There is something tragic in the eyes of society about an unmarried woman in her late twenties. Everyone speaks of this, and everyone makes jokes about it, but you are never quite aware of its intensity until it becomes your reality.
Until people you passed on the street when you were thirteen start bringing you marriage proposals, and your married cousins begin to taunt you, well pleased with the fact that it is now your turn to endure all that they have gone through; the problem with this predicament does not become tangible.
All of a sudden, uncles and aunts, relatives and family friends, acquaintances and strangers – everyone starts looking at you and sifting through the database in their heads; going through the list of eligible suitors. This is no easy task, when you have to cross-reference it with occupation, caste, religion, social status, parents’ preferences and so on and so forth.
But truly, the institution of marriage is so deeply flawed that, for me, it has become purely terrifying. Let me elaborate how.
Growing up in a household where the father, the ‘head’ of the family made the decisions and the mother concurred, I fear that the same would be expected of me.
I also know for certain that it would be impossible for me to be the submissive, dutiful wife who raises neither her voice nor her questions, whose temper remains mild-mannered even when the said head behaves like an infuriating three-year-old, who cannot remember where he left his keys, socks or wallet.
I wasn’t so petrified that this could happen in my generation, which is the self-proclaimed “woke” lot, until one day, when a married friend of mine ended a phone call stating that she had to go feed her baby and her husband.
I didn’t know whether to laugh or cry. What worried me more was how unironically she stated the whole affair, as though she had grown immune to its ridiculousness. To say that you need to feed your life partner who is supposed to be sharing your chores in the same breath as feeding an infant is beyond exasperating.
Yet, even that exasperation is driven out of our souls by the excess of expectations that it becomes easier to quietly submit.
Also read: The Knot-able Age: An Overview Of Indian Women’s Negotiations When It Comes To Marriage
I take issue with how easily a woman’s labour, both outside and inside her home is dismissed. Sure, she might work the same hours as you, but who is the person who also cares for your infant, soothes their tantrums, feeds them, bathes them, changes their dirty diapers, and puts them to sleep?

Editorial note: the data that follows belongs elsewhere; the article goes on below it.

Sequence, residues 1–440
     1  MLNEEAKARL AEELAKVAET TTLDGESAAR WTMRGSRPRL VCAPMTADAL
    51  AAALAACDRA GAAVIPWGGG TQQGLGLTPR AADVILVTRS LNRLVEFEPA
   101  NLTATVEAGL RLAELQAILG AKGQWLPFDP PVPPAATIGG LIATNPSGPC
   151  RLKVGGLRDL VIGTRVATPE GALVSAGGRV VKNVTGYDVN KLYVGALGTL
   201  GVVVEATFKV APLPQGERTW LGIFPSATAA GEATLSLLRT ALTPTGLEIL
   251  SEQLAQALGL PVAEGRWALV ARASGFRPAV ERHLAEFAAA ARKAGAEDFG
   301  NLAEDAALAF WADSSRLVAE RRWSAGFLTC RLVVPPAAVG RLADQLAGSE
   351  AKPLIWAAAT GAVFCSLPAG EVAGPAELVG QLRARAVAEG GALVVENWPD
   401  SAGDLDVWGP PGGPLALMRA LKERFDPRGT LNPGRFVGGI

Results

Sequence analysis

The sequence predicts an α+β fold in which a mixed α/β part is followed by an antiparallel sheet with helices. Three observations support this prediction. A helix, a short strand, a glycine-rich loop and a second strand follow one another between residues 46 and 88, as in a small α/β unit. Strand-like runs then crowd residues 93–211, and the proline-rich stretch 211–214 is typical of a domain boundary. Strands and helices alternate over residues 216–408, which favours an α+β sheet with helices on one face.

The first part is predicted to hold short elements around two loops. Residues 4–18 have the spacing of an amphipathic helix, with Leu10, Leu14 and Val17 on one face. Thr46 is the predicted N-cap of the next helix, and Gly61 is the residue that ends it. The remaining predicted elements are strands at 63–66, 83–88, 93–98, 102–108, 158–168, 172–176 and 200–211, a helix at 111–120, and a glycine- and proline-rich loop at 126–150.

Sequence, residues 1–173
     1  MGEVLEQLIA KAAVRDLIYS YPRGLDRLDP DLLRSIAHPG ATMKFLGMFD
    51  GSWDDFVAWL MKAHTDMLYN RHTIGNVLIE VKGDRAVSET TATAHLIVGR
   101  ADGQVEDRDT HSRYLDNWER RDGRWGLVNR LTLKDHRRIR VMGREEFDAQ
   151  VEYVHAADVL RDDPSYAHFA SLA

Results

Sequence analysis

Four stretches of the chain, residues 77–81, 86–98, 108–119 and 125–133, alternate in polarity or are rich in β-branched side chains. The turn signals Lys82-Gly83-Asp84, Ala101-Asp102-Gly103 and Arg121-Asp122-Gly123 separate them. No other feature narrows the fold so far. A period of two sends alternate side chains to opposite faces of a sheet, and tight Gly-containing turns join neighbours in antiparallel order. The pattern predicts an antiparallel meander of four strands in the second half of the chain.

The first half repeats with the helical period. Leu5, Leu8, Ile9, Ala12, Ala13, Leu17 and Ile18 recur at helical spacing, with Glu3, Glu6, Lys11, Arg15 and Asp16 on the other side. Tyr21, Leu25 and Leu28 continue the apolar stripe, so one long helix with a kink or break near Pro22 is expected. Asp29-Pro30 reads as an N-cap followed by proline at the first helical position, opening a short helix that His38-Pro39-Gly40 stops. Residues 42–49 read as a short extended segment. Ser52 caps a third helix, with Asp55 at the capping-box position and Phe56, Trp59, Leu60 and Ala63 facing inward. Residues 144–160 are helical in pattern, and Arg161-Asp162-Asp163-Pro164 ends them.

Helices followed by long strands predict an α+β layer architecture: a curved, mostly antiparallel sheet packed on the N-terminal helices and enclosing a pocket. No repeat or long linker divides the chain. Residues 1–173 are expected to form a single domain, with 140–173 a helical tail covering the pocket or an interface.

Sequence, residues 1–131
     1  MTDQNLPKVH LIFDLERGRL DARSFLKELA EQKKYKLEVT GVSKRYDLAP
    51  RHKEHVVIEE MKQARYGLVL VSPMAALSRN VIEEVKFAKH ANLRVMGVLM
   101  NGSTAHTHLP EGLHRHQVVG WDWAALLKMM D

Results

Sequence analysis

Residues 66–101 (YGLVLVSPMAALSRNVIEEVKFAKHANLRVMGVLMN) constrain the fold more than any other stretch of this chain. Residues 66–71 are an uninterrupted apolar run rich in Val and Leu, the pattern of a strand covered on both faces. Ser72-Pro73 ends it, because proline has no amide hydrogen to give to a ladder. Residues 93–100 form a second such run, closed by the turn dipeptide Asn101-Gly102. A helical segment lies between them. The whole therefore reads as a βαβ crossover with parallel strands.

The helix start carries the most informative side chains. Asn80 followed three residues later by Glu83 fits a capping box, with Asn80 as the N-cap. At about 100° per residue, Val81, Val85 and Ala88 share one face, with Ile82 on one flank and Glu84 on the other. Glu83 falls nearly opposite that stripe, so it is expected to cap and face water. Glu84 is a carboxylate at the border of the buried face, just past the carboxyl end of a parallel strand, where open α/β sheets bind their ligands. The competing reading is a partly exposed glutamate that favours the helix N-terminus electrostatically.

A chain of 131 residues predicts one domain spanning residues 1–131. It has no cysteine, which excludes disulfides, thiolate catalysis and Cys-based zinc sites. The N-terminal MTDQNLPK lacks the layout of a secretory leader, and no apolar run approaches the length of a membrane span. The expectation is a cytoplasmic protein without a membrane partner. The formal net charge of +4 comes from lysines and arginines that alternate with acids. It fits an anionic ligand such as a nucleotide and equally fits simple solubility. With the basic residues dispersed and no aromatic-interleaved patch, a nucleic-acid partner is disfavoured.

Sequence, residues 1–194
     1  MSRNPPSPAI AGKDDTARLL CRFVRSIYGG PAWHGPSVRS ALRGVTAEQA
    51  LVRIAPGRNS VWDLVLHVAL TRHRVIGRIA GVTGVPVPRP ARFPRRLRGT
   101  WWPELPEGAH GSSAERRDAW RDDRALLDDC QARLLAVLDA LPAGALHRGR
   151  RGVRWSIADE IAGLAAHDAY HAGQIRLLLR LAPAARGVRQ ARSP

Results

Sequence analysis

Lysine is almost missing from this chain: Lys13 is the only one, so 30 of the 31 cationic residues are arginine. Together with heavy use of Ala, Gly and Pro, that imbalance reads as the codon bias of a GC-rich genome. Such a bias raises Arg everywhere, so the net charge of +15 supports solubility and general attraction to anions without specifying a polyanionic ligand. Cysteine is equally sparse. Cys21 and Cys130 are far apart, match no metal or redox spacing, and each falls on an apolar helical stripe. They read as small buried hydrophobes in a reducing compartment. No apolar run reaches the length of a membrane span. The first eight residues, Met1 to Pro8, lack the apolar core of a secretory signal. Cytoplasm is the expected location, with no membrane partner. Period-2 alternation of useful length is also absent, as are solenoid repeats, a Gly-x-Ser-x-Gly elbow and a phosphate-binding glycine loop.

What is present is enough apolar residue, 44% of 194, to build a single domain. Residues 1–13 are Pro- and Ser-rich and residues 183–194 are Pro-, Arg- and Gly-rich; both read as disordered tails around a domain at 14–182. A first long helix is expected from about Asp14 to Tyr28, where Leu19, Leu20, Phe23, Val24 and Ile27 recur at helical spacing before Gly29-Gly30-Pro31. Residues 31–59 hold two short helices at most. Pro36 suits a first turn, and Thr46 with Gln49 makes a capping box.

I just love how people decimate a woman’s knowledge and awareness of her child after spending a couple of hours in the child’s company when they are in a good mood. So many of the new-gen “cool” fathers wouldn’t last two hours with a screaming, thrashing, stubborn toddler without picking up arms.
I know that if I were to be partnered with someone who buys diapers only when I remind him to, without taking the initiative to check if we had enough, thereby making it my fault when we run out, I would invariably lodge the next dirty diaper at him. If I was the only one concerned with keeping the baby from breaking out screaming, I would resent him to the moon and back and then some more.
I cannot and do not want to be the only one concerned with household tasks, be it cooking, cleaning, doing laundry, or grocery shopping. Honestly, it cannot be that he does exactly what he is told without any knowledge of what is needed or even trying to find out what is required, behaving exactly like a toddler, following instructions without any mental labour.
Lastly, I hate how women’s emotions are often unnecessarily rebuked. A woman raising her voice in anger is construed as being out of line, whereas a man throwing his plates on the ground is acceptable. If my emotions are kept in check in the space where someone else’s is applauded, not only would I cease to love them, but my own resentment would also consume me.
These are all reasonable expectations, as far as I can see. But we have grown up so used to the idea of a male-centric household, the indoctrination beginning right from schools, where we are taught that the father is the head of the family, that such ideas on gender equality are seen as radical.
For many men who have been raised without having to lift a finger, who only need to scream “Ammaaaa… water!” from the living room to be delivered with a tumbler by a doting mother, being asked to take equal responsibility could appear a Herculean task.
In such a scenario, for girls who raised themselves on feminism, from conservative families where the word divorce is still very much taboo and reconciliation is the last and only resort, wouldn’t it be better to hold off on marriage till we’re absolutely certain? And, wouldn’t it be better for society to leave us alone till it has something better to offer?
Also read: Darlings Film Review: A Dark Comedy That Explores Why Women Stay In Abusive Marriages
Lekshmy is a medical student from Kerala, who uses metaphors as shields when the real world gets too exhausting. You can find her on Instagram and here
Featured image source: Ritika Banerjee/Feminism In India